• Maybe your family was never financially stable enough to get you what you dearly wanted for Christmas one year (or all of the years of your youth). A reparative experience for you now as an adult in your healing journey coming from a relational trauma background could look like: literally buying that very thing for yourself now.

And this list of creative moments of healing is just the tip of the proverbial iceberg.

Why is cultivating creative moments of healing so important?

Whatever and however your own creative moments of healing look, the goal is for you to internalize these healing activities, experiences, and relationships and let them “fill in” some of your missed-out-on developmental gaps so that they can provide you with the experiences and tools to ultimately become your own “good enough inner parent.”

Ultimately, becoming your own “good enough inner parent” is the therapeutic work—the lifelong work of most of us have to do and certainly the lion’s share of the work for those who come from relational trauma backgrounds.

Becoming your own good enough inner parent entails recognizing what you, perhaps, developmentally lacked as a child/adolescent/young adult, grieving what you missed out on, and then providing for yourself actively and deliberately what you may need and want in order to heal and thrive in your adult life now—again and again, for as long as it takes to nourish and safeguard the little child inside of you.

How do I know what creative moments of healing I need for myself?

You may already know some of what you need simply by reading this post.

But if you’re stumped, I’ll invite you to consider the following prompts:

  • What came up for you when you read those above vignettes about what creative healing moments could look like? Did anything resonate or prompt some ideas for you?
  • What do you long for the most that your child (if you have any) has now?
  • When (if at all) do you get jealous or envious of the friends and acquaintances in your life? What do you know about those jealousy triggers and what they might point to?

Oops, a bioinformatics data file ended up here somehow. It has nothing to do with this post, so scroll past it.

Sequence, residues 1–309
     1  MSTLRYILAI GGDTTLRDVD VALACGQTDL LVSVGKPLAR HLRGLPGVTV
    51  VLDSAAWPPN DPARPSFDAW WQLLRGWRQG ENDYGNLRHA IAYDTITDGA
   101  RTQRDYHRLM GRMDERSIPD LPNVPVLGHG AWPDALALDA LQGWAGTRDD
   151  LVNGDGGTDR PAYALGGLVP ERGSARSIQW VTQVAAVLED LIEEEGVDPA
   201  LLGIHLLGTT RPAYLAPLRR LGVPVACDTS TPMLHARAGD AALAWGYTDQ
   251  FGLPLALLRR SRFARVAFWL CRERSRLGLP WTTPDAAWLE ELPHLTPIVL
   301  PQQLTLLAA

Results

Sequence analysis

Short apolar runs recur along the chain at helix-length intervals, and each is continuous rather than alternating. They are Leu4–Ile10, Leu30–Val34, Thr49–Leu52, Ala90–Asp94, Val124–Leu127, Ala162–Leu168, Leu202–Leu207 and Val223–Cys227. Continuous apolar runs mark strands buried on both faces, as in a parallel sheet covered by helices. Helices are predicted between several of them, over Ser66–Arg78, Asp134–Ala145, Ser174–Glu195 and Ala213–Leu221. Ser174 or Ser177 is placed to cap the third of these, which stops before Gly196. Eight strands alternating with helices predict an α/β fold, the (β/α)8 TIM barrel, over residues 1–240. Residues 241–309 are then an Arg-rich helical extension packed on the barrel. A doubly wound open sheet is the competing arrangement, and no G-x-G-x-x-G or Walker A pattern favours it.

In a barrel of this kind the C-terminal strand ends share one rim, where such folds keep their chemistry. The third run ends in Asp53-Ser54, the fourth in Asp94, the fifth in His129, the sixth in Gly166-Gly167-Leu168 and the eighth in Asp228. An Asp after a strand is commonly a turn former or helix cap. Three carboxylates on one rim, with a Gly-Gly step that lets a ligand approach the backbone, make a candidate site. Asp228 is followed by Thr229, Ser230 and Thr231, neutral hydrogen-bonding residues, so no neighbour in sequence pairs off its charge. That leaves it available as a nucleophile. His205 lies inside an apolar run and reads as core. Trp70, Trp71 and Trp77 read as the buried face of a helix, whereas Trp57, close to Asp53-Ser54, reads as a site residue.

• When you reflect back on your childhood, what were some of the biggest deficits in your upbringing? Touch, verbal affirmation, physical safety, financial stability?
  • What touches you, moves you, and makes you cry when you see a child—in real life or on TV or in the movies—receiving something (love, time, attention, play, etc.) from their parents or others?
  • If money were no object, what would you do to give yourself the adult equivalent of a safe, stable, loving childhood?

Finally, please remember: It is a tremendous loss that you didn’t get to have a safe, functional, healthy childhood.

It would be a greater tragedy if you didn’t get to have a good adulthood now.

But as long as we have breath in our bodies, we can still consciously and deliberately work to give ourselves the most beautiful adulthood possible.

And so, doing the work to be curious about what creative moments of healing we need and then working deliberately and actively to give this to ourselves is very important work.

Particularly and especially if we come from relational trauma histories.

If you would like support recovering from your relational trauma background, please explore Psychology Today's wonderful directory of trauma therapists to get started in your healing journey.

advertisement